After a year of escalating harassment, Ms. Brown was fired the day after her manager scheduled her for a shift on the Sunday of Chicago’s Pride Parade. The manager knew Ms. Brown was going to perform during the parade and could not work that Sunday, but scheduled her for that day anyway.
The case is currently in its early stages in the U.S. District Court for the Northern District of Illinois.
The Employment Law Clinic also continues to handle a number of class action employment discrimination cases. One of those class actions in Porter v Pipefitters Association Local Union 597 (N.D. Ill.), in which the named plaintiffs claim that the union discriminated against them and a class of African-American union members by operating and/or negotiating and implementing two hiring systems (the Hiring Hall and the Referral Hall) that disadvantaged African-American pipefitters with respect to their work hours and other benefits of employment.
The Employment Law Clinic recently received preliminary approval of a proposed settlement in this class action. The proposed settlement provides that Local 597 will pay a total of $3,000,000 to resolve the claims of the class and the class representatives, as well as the claims of the Clinic and its co-counsel’s for attorneys’ fees and costs. The proposed settlement also includes significant non-monetary relief, such as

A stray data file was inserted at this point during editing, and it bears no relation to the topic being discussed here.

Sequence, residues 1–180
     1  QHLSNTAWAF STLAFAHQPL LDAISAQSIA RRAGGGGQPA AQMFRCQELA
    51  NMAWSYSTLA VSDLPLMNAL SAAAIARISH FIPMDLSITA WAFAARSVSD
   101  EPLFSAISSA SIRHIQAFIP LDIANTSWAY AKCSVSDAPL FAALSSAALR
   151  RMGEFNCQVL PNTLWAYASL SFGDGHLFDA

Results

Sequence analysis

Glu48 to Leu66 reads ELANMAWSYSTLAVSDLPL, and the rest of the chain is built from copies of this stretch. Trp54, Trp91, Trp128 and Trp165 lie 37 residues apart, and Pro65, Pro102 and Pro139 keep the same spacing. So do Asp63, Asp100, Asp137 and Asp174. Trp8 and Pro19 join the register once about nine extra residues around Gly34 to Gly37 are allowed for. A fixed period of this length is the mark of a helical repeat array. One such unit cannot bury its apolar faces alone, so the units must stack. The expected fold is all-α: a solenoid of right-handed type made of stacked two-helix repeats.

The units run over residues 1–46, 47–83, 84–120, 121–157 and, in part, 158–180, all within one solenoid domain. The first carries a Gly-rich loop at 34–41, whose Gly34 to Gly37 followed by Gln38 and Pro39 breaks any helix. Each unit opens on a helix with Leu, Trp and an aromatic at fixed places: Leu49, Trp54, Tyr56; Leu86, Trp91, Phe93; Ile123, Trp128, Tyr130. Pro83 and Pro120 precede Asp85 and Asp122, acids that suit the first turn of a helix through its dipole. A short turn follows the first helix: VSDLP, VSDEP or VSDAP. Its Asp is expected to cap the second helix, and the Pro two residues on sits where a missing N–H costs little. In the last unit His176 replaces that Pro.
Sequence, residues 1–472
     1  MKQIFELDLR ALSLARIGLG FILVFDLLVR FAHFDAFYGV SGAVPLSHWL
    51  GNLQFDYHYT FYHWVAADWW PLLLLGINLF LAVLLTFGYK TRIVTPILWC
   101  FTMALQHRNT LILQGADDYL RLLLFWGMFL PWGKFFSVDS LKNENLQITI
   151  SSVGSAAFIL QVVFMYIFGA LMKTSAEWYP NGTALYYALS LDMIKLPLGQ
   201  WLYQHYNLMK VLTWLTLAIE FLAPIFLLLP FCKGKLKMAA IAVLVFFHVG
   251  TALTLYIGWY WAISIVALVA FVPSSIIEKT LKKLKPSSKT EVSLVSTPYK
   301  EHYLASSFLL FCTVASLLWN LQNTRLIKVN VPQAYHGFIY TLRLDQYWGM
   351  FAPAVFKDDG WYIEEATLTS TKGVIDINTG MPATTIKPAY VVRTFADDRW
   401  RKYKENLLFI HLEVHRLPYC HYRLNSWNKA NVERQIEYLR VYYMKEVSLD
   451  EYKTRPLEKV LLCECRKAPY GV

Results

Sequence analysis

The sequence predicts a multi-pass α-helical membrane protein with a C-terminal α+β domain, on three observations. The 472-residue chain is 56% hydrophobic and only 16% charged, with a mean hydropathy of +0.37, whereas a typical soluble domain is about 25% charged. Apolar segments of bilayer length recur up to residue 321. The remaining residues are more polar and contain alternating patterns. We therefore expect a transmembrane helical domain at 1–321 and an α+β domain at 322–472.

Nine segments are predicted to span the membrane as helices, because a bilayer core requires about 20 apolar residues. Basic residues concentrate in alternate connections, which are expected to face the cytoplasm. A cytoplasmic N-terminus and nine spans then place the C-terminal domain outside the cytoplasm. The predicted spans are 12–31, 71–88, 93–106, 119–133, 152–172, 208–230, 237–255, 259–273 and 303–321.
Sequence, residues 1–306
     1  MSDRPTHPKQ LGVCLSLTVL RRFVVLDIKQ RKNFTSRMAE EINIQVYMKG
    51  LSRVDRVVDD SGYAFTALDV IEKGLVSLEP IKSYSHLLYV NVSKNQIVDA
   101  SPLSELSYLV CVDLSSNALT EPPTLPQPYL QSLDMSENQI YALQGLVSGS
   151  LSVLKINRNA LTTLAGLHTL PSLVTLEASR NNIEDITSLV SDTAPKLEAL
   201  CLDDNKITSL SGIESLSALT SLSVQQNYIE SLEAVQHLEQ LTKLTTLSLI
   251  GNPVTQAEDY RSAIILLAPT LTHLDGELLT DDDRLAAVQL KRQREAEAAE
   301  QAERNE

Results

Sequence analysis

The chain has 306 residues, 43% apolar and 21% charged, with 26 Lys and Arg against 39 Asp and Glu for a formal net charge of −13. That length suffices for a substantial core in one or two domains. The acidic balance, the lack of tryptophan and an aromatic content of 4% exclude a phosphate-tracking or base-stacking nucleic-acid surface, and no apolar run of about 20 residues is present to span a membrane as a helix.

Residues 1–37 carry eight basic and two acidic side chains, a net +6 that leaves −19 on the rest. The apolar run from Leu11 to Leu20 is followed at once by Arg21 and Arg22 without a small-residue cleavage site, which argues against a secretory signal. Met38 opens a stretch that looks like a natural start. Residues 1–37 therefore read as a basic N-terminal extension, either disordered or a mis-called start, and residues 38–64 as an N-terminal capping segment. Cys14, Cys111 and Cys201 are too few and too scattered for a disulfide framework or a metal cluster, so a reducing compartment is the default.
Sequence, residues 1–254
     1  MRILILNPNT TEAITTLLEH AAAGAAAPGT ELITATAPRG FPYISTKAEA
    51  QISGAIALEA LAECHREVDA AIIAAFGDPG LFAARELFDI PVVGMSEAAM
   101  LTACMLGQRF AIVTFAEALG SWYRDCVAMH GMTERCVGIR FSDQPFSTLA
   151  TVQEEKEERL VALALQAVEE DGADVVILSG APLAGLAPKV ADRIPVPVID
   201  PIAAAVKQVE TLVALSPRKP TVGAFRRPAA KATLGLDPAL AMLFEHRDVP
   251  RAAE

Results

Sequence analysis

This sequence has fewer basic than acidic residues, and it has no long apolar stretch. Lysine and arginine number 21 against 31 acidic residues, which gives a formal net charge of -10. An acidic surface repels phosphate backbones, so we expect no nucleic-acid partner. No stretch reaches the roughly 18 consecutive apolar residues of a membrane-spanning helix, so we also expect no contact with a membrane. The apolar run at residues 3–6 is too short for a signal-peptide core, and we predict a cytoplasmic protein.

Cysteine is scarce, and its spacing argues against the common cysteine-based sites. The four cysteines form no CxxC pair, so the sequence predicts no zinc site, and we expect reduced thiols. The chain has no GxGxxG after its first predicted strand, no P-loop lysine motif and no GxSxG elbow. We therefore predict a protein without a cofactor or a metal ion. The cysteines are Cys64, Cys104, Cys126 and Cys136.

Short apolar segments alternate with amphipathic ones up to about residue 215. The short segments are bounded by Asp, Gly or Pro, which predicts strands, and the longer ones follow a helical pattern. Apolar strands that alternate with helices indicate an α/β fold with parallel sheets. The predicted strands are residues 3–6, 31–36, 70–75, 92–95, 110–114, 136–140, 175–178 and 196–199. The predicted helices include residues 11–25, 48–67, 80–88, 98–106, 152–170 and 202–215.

- a change in the percentage of pipefitters hired from the Referral Hall and an increase of the fines to violators of the Referral Hall system;
- improved procedures for reporting, investigating, and resolving complaints of discrimination;
- additional leadership classes for African-American pipefitters;
- recruitment of African-Americans to these classes;
- reinstatement of class members’ membership in Local 597;
- hiring additional personnel to assist with recruitment of African-Americans to Local 597’s Apprenticeship Program and to aid in general compliance with the settlement; and
- quarterly reports to the Court and class counsel on the progress made in implementing the non-monetary terms of the settlement.
Notice of the proposed settlement is being sent to the class and the fairness hearing on the settlement is set for later in 2020.